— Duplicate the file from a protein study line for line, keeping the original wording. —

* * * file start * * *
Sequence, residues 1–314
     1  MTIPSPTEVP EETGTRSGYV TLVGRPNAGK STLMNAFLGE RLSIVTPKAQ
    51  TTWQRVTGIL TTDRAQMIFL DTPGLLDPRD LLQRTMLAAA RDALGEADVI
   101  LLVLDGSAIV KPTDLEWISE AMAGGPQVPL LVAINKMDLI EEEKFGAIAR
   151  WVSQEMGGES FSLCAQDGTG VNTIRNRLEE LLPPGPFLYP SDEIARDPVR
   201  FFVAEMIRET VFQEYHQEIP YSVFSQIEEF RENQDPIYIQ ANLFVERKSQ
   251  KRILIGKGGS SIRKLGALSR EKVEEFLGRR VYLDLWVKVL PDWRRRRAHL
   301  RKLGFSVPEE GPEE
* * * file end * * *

Sequence, residues 1–314
     1  MTIPSPTEVP EETGTRSGYV TLVGRPNAGK STLMNAFLGE RLSIVTPKAQ
    51  TTWQRVTGIL TTDRAQMIFL DTPGLLDPRD LLQRTMLAAA RDALGEADVI
   101  LLVLDGSAIV KPTDLEWISE AMAGGPQVPL LVAINKMDLI EEEKFGAIAR
   151  WVSQEMGGES FSLCAQDGTG VNTIRNRLEE LLPPGPFLYP SDEIARDPVR
   201  FFVAEMIRET VFQEYHQEIP YSVFSQIEEF RENQDPIYIQ ANLFVERKSQ
   251  KRILIGKGGS SIRKLGALSR EKVEEFLGRR VYLDLWVKVL PDWRRRRAHL
   301  RKLGFSVPEE GPEE